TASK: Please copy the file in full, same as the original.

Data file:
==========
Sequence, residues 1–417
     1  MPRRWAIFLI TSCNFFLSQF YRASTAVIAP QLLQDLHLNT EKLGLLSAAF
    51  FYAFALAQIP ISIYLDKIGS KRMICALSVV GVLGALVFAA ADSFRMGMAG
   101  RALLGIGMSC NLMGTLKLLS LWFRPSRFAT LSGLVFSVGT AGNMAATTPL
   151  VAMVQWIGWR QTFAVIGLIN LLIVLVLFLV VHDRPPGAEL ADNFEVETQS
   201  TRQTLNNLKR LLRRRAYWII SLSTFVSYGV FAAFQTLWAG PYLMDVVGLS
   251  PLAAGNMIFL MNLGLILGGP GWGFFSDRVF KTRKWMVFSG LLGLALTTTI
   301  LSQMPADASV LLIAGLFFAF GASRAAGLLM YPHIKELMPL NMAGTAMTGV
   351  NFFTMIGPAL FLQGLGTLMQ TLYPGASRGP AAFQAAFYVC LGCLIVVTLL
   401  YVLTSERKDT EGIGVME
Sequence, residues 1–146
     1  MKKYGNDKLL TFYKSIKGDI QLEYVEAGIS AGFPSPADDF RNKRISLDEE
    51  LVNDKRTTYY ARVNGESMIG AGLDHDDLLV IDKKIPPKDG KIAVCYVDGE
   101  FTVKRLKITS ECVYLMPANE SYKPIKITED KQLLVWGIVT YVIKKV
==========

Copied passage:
Sequence, residues 1–417
     1  MPRRWAIFLI TSCNFFLSQF YRASTAVIAP QLLQDLHLNT EKLGLLSAAF
    51  FYAFALAQIP ISIYLDKIGS KRMICALSVV GVLGALVFAA ADSFRMGMAG
   101  RALLGIGMSC NLMGTLKLLS LWFRPSRFAT LSGLVFSVGT AGNMAATTPL
   151  VAMVQWIGWR QTFAVIGLIN LLIVLVLFLV VHDRPPGAEL ADNFEVETQS
   201  TRQTLNNLKR LLRRRAYWII SLSTFVSYGV FAAFQTLWAG PYLMDVVGLS
   251  PLAAGNMIFL MNLGLILGGP GWGFFSDRVF KTRKWMVFSG LLGLALTTTI
   301  LSQMPADASV LLIAGLFFAF GASRAAGLLM YPHIKELMPL NMAGTAMTGV
   351  NFFTMIGPAL FLQGLGTLMQ TLYPGASRGP AAFQAAFYVC LGCLIVVTLL
   401  YVLTSERKDT EGIGVME
Sequence, residues 1–146
     1  MKKYGNDKLL TFYKSIKGDI QLEYVEAGIS AGFPSPADDF RNKRISLDEE
    51  LVNDKRTTYY ARVNGESMIG AGLDHDDLLV IDKKIPPKDG KIAVCYVDGE
   101  FTVKRLKITS ECVYLMPANE SYKPIKITED KQLLVWGIVT YVIKKV